Santa Claus could be granting the wishes of Turkish cryptocurrency enthusiasts as the country embarks on a revolutionary change in its cryptocurrency policy.
Turkey’s President Recep Tayyip Erdoğan said today in a press conference that he expected the nation to make a leap forward with a new economic model, and as a first step, he would touch the crypto industry by creating a law to promote their legal use in the country.
Turkey President Talks of a New Economic Model
The President of Turkey highlighted his interest in the topic of cryptocurrencies. He explained that his staff has a Crypto Bill ready to be sent to the Congress for discussion as soon as possible.
“We will take steps on this issue by sending (the bill) to Parliament without delay. Turkey will make a leap forward with its new economic model. It is worth taking these risks.”
The draft is not yet publicly available, and Turkey’s president did not provide further details on its content; however, one of the bill’s key points appears to be focused on the role of the central bank as the regulatory body for cryptocurrency transactions their safe custody.
“Citizens will know that their money is guaranteed by the central bank, the guarantor of the country’s treasury”
In other words, although there is no mention of the adoption of Bitcoin as legal tender or payment currency, it does open a window to a possible industry of crypto-powered banking services.
This is of particular importance in light of the recent collapse of two major cryptocurrency exchanges: Thodex and Vebitcoin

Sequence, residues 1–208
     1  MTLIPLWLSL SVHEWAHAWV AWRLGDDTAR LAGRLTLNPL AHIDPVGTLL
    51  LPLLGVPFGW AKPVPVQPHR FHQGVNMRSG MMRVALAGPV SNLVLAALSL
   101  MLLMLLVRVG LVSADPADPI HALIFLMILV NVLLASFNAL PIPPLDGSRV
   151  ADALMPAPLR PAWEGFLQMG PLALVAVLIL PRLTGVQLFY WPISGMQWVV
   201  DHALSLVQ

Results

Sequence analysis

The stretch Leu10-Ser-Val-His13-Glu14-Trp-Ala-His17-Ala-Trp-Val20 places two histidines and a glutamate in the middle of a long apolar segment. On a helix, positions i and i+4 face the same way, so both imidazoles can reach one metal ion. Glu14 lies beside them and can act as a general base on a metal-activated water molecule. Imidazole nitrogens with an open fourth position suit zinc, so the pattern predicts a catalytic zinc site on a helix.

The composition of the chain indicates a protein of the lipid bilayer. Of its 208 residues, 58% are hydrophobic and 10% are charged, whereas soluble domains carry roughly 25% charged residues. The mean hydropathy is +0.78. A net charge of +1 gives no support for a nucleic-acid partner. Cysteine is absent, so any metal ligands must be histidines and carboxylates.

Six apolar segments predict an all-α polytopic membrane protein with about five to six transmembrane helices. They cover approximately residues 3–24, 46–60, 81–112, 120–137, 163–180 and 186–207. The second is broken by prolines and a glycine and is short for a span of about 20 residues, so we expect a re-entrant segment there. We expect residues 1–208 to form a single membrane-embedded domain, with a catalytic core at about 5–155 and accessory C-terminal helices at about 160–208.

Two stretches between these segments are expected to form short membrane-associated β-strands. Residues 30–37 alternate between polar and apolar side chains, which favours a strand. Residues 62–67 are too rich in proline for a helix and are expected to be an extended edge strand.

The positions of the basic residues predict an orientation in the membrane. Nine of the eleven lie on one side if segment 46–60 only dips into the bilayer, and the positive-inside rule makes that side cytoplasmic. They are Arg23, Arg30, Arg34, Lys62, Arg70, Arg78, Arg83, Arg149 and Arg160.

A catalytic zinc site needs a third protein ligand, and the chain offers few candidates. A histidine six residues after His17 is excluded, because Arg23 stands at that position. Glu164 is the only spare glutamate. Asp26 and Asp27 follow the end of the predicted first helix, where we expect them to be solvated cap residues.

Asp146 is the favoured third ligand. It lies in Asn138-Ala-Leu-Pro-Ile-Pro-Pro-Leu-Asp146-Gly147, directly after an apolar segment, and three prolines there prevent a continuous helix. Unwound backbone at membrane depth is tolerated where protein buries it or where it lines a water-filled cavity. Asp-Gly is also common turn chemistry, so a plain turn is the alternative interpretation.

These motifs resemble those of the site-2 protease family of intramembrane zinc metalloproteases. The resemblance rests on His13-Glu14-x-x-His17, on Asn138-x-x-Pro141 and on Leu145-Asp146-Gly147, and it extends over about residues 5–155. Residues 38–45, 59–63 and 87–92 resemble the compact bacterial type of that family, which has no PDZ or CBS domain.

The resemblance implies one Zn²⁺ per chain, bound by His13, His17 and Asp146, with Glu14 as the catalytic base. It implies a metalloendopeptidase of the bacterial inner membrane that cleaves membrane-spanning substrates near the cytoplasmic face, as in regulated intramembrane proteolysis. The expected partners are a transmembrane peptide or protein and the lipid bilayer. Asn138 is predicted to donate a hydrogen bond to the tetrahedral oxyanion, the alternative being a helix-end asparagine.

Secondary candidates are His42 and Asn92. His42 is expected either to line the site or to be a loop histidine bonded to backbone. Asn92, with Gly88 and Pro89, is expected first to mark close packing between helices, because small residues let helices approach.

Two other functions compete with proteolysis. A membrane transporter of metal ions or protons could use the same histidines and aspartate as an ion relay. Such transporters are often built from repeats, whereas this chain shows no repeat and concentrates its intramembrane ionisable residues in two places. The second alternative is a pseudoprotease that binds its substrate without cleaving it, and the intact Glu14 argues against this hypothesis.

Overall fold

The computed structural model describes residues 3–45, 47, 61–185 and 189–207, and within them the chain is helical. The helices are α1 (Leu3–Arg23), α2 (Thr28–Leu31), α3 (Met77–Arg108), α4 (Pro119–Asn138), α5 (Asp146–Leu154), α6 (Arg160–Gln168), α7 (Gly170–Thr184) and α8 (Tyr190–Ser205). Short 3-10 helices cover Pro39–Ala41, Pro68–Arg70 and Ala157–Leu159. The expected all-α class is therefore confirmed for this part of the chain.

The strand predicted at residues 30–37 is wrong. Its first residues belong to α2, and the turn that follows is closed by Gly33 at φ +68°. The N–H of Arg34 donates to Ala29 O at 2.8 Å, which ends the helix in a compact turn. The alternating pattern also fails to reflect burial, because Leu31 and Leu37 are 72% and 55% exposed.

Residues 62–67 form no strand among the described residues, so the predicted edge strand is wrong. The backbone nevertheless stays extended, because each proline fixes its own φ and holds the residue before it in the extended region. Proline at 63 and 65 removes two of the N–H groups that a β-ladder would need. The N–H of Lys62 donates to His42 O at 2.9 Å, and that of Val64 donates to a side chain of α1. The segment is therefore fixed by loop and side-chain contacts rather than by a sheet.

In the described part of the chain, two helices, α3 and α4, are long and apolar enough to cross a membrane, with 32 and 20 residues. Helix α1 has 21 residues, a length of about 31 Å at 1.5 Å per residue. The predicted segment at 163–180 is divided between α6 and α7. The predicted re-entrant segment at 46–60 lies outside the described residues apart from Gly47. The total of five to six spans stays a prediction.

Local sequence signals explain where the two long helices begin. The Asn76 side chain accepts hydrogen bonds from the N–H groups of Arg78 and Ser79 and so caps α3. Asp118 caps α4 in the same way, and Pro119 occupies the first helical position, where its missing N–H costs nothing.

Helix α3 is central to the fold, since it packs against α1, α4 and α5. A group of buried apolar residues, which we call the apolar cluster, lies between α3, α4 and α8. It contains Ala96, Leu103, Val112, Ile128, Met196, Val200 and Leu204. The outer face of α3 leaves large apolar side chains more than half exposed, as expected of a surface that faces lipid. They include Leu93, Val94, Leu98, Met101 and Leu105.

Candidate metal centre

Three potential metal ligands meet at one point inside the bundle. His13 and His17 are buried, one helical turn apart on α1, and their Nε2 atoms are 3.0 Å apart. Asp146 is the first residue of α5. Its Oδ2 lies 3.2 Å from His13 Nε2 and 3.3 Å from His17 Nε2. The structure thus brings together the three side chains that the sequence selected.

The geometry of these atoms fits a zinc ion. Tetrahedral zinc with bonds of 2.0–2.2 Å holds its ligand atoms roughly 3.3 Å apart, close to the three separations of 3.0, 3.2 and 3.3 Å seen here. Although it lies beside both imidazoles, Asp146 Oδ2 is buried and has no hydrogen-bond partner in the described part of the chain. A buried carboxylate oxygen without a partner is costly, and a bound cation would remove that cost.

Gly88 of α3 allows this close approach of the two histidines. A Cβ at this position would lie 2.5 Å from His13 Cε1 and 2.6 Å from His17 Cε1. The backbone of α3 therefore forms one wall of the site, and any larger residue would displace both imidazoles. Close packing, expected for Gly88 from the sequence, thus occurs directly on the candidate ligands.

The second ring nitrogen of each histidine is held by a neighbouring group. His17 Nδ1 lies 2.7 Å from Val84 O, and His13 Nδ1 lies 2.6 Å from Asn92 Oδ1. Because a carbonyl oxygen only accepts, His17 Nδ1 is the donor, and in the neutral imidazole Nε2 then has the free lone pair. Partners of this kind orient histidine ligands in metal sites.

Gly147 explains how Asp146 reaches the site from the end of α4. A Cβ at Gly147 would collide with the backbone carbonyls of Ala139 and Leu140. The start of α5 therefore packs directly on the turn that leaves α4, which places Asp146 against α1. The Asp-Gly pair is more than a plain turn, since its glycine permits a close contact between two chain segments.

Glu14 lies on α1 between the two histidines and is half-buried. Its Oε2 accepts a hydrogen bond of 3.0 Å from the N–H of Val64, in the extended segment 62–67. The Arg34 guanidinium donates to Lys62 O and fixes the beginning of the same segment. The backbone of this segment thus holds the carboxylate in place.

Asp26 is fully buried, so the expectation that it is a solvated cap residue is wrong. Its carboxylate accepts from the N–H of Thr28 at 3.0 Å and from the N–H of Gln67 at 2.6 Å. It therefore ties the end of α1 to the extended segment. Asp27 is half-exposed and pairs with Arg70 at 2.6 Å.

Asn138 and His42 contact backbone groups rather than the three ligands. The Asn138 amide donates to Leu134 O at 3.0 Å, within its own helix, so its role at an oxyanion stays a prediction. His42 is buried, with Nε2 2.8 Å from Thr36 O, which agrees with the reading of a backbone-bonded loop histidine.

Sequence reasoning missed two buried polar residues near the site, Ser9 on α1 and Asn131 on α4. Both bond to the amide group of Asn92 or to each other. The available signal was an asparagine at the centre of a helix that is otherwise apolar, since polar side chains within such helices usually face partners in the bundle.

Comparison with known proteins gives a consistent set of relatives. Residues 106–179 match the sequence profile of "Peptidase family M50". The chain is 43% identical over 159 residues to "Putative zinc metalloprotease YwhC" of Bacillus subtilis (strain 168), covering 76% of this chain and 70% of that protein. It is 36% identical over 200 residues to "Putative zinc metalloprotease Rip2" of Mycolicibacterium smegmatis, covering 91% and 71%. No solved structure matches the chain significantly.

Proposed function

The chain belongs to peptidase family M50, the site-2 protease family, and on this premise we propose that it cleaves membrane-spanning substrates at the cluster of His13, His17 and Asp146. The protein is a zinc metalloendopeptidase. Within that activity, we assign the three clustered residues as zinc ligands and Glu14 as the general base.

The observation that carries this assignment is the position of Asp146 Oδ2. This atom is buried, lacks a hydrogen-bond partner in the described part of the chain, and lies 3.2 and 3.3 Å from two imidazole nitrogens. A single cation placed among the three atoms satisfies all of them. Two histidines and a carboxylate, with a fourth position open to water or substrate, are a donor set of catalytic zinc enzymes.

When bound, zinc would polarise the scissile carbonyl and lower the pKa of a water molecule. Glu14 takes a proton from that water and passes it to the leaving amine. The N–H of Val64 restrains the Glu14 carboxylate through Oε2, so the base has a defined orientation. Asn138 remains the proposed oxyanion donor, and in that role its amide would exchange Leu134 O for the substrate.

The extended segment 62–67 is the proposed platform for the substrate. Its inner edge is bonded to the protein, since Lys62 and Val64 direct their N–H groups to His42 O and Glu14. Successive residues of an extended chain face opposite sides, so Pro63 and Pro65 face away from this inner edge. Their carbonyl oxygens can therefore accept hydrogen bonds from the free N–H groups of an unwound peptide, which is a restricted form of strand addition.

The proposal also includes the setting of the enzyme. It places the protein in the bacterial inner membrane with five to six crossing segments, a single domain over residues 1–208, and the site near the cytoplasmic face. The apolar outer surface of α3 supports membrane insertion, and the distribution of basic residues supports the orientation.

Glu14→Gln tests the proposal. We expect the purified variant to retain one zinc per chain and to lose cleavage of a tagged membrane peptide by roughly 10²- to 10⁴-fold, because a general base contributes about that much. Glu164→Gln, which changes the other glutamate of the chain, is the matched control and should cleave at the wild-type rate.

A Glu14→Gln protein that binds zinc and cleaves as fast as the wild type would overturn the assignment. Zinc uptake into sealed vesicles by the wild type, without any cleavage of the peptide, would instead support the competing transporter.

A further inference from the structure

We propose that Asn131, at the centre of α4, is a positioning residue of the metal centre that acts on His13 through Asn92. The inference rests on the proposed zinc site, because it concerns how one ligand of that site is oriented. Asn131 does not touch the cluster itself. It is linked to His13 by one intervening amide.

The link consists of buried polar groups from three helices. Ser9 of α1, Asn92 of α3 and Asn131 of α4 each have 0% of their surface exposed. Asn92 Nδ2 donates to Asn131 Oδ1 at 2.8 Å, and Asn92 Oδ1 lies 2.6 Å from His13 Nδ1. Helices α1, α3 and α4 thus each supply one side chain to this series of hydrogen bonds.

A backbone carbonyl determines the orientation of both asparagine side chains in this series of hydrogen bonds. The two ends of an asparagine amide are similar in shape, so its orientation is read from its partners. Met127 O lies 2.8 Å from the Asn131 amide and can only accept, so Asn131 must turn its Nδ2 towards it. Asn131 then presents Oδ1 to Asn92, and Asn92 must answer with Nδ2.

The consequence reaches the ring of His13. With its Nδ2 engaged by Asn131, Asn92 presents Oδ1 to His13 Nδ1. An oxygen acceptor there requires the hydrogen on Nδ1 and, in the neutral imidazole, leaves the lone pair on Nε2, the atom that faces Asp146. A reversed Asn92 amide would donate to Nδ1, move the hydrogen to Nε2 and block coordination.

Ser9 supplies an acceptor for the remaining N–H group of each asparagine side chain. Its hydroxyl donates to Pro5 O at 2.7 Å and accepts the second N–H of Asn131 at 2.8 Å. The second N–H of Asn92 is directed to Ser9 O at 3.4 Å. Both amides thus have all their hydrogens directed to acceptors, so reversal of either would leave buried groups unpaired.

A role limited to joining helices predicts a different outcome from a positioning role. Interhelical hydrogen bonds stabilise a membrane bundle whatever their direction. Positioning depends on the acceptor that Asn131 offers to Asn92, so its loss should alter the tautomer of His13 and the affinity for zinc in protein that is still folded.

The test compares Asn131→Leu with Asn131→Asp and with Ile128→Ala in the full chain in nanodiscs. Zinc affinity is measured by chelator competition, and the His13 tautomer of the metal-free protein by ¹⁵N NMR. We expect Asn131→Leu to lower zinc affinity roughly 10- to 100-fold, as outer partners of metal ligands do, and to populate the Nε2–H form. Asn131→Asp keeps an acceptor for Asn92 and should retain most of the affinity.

A (Not So) Surprising Cryptocurrency Bill
Turkey’s decision comes as a surprise as the country has not precisely been crypto-friendly in the past.
As recently as September 2021, President Erdoğan himself commented at a press conference that even though he did not rule out softening the country’s stance on cryptocurrencies, he did not actually intend to promote their adoption.
These comments are quite in line with the stance of the Central Bank of Turkey, which announced a measure to ban the use of cryptocurrencies as a means of payment for the purchase of goods in April this year. The text of the ban was clear and even warned of irrevocable damages for those who decided to risk using cryptocurrencies:
“Payment service providers will not be able to develop business models in a way that crypto assets are used directly or indirectly in the provision of payment services and electronic money issuance.”
However, the flip side of the coin shows an economic reality that could justify the Turkish government’s stache change. The country’s fiat currency has suffered one of the worst devaluations in its history, and despite the government’s efforts to promote the use of the lira and restrict the adoption of the dollar and the use of cryptocurrencies as a proxy for the U.S. fiat currency, Turks continue to exchange their liras into crypto more and more frequently every day.
And considering that diplomatic relations with the U.S. are not at their best, using a decentralized alternative to improve the economy might not be such a “surprising” idea after all.
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